Tamar Bar-Noy

I guess I’ve been an artist for 66 years now, starting at 7 years old when bed ridden with rheumatic fever. I grew up in Jerusalem, Israel. In my formative years, Israeli artists fascinated me, and I tried to imitate them. First were the dictates of Europe and colonialism as to what Art was and how it  should be followed. But soon the multicultural nature of the place has  opened my eyes and mind to so many traditions and aesthetics. At age 10, I was introduced to African Art, an unforgettable experience. Within those  66 years though, there were some years of stunted  creativity, a result of paternal discouragement.  

As an adult, I landed a job at a pottery workshop in Eilat, Israel, which evoked that almost forgotten artist identity. After about two years of pottery  design and sculptural ceramics, I started pursuing art education. First in  NYC, later in Tel-Aviv, I was then trained and employed as a restorer of  archeological artifacts in Tel-Aviv University. Restoration had opened up for me a  whole time/space vista: the riches of the Middle East. 

Mid ‘70s I found myself in Chicago’s Roosevelt University, studying art under Don Baum, (taking sculpture at the SAIC), and receiving a BGS in Art, with  Anthropology as a related subject, in 1978.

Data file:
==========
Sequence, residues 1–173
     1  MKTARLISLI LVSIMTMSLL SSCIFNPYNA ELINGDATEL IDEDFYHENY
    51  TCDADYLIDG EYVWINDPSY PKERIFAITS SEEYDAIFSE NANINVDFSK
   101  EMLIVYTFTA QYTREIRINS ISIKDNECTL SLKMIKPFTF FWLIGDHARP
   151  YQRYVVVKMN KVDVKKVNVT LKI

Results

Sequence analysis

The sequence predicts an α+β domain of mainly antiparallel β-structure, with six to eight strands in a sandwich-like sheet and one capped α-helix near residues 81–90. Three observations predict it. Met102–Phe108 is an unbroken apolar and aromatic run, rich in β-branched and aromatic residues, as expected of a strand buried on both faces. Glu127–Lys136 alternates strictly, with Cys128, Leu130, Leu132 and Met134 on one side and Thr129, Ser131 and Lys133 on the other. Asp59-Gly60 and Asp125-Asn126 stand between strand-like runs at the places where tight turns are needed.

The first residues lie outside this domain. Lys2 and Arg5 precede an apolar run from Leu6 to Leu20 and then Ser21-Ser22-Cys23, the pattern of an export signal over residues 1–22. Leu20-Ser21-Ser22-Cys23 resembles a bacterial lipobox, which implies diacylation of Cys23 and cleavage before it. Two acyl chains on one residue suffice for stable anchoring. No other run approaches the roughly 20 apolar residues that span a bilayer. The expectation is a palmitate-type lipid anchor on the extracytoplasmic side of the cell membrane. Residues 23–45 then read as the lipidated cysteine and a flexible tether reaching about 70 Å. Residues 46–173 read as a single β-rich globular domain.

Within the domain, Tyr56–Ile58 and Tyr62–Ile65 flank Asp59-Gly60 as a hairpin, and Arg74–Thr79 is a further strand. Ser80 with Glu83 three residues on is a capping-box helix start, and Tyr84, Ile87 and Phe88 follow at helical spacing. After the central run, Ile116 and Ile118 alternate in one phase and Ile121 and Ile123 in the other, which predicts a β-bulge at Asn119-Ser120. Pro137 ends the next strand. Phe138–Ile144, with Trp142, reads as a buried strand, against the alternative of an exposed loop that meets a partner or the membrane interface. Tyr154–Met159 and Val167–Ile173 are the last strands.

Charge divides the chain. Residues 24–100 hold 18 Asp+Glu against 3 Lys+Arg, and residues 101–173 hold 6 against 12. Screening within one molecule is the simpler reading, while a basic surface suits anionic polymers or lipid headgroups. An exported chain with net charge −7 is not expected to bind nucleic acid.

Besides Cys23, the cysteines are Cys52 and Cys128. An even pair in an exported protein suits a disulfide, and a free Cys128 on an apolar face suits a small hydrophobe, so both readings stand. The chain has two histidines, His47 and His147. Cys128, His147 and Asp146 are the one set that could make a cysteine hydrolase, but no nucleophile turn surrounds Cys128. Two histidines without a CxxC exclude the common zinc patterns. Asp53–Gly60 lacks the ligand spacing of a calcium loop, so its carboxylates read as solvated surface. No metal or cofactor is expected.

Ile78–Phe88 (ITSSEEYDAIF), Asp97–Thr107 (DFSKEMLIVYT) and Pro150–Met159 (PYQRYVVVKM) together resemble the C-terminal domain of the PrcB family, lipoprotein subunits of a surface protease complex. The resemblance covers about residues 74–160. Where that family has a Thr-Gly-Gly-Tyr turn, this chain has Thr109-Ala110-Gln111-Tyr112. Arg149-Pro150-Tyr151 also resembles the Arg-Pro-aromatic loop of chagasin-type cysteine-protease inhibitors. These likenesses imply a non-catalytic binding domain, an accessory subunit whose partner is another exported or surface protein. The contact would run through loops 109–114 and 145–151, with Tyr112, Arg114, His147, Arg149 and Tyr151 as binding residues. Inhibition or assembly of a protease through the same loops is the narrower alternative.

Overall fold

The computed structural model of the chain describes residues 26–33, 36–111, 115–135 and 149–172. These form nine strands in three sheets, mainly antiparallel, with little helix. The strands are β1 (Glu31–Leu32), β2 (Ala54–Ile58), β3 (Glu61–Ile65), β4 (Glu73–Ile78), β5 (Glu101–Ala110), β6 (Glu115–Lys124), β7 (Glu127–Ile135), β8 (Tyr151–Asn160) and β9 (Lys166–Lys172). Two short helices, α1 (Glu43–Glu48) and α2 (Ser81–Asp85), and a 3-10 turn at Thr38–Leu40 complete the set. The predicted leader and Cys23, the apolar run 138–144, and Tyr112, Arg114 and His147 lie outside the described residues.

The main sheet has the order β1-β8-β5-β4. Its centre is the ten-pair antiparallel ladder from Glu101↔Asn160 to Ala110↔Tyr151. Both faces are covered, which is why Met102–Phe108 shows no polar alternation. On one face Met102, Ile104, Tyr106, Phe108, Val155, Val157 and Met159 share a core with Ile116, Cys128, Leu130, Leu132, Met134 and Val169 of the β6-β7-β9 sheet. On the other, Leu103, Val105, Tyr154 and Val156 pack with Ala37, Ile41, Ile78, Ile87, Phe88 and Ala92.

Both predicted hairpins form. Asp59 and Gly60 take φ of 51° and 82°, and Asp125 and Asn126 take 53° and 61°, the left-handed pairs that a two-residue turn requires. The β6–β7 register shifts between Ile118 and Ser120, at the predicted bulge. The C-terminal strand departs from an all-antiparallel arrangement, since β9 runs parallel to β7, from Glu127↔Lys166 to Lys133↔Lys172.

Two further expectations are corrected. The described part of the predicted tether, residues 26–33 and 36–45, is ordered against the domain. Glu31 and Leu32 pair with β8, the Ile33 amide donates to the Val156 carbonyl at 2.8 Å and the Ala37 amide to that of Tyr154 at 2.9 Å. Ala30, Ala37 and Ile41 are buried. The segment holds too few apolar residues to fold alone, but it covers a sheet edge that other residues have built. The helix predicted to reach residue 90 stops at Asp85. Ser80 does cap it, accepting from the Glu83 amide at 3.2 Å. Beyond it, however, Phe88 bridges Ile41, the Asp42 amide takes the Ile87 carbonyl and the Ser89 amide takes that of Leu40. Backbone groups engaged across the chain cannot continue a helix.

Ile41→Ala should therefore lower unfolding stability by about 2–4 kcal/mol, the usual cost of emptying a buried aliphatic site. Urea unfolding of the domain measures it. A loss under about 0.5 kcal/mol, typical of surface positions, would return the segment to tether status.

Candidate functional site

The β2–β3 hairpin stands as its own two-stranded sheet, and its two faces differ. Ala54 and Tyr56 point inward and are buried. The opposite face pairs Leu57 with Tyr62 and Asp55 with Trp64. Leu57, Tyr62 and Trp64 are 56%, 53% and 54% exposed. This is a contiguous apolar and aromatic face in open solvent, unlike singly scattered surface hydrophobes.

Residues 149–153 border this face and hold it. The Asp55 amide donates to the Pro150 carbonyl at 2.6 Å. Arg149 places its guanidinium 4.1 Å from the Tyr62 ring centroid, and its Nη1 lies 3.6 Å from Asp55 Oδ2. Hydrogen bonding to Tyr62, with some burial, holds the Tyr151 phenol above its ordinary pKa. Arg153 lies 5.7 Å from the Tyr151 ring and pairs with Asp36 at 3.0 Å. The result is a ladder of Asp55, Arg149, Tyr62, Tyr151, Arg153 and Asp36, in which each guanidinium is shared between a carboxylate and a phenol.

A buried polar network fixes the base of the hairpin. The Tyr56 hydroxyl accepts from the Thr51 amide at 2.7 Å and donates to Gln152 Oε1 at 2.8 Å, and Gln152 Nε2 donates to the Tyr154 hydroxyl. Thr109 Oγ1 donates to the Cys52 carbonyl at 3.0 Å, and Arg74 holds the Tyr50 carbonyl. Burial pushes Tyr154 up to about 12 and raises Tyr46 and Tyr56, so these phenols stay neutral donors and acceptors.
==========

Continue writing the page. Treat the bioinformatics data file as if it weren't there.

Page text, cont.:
Back in Israel during the ‘80s, I continued working as an archeological  restorer, while painting and making collage all along. 

In 1990, I returned to Roosevelt University, Chicago for a graduate degree in  Clinical Psychology. Following graduation, I worked for 12 years in Social  Services in Chicago, where I always maintained creative-art groups. In the  year 2000, I received a certificate in Applied Creative Arts & Psychology  from the Chicago School of Professional Psychology. Continuing as a self employed psychotherapist, I have been using art in my clinical work,  encouraging creativity whenever it applies. I continue to make art, mainly  collage, where I can conceptualize, in layers, different aspects of my  interests, thoughts, and personal experiences – as well as those of  collective concerns – inspired by Jazz artists’ improvisatory process.

© Tamar Bar-Noy